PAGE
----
University of Chicago Professor Piotroski created a nine criteria stock scoring system for evaluating a companies financial strength that could be determined from the financial statements. One point was awarded for each test that a stock passed. Piotroski classed any stocks that scored eight or nine points as being the strongest stocks. His findings were that these strong stocks as a group outperformed a portfolio of all value stocks by 7.5% annually over a 20-year test period. Piotroski also found that weak stocks, scoring two points or fewer, were five times more likely to either go bankrupt or delist due to financial problems.
Score one point if a stock passes each test and zero if it doesn’t. The maximum score is 9.
- Net Income: Bottom line. Score 1 if last year net income is positive.
- Operating Cash Flow: A better earnings gauge. Score 1 if last year cash flow is positive.
- Return On Assets: Measures Profitability. Score 1 if last year ROA exceeds prior-year ROA.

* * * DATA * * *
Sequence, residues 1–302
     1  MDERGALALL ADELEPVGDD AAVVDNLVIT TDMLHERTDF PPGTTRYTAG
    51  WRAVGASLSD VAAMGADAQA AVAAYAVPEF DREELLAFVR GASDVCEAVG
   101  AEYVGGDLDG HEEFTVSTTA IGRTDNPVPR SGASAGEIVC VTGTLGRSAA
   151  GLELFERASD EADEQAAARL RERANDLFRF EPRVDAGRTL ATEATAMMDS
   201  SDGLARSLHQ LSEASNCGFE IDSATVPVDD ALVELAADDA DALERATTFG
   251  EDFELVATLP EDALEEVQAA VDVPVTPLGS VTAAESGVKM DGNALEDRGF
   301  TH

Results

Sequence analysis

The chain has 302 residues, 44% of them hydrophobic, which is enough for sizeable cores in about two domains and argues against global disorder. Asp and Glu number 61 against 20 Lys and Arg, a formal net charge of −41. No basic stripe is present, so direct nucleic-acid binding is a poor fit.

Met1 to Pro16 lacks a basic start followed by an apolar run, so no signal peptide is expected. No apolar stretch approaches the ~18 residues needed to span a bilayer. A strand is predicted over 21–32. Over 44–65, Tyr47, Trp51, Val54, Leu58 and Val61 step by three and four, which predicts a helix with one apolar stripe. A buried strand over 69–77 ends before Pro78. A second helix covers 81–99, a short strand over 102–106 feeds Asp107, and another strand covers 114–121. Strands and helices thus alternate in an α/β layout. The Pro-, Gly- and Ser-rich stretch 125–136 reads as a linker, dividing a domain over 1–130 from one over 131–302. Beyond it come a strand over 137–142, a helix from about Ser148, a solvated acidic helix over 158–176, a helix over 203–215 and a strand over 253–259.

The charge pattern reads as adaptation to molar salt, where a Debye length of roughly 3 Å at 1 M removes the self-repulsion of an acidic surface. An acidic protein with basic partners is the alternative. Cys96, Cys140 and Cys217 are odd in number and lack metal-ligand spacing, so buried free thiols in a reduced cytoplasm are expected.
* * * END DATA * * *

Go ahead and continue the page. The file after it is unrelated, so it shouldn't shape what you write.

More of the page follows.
- Quality of Earnings: Warns of Accounting Tricks. Score 1 if last year operating cash flow exceeds net income.
- Long-Term Debt vs. Assets: Is Debt decreasing? Score 1 if the ratio of long-term debt to assets is down from the year-ago value. (If LTD is zero but assets are increasing, score 1 anyway.)
- Current Ratio: Measures increasing working capital. Score 1 if CR has increased from the prior year.
- Shares Outstanding: A Measure of potential dilution. Score 1 if the number of shares outstanding is no greater than the year-ago figure.
- Gross Margin: A measure of improving competitive position. Score 1 if full-year GM exceeds the prior-year GM.
- Asset Turnover: Measures productivity. Score 1 if the percentage increase in sales exceeds the percentage increase in total assets.
OldSchoolValue has a spreadsheet to compute the Piotroski score as well as a screener. Yesterday, I wrote about TJX companies as one of the three value ideas from thevalueguys.com. TJX has as Piotroski score of 8.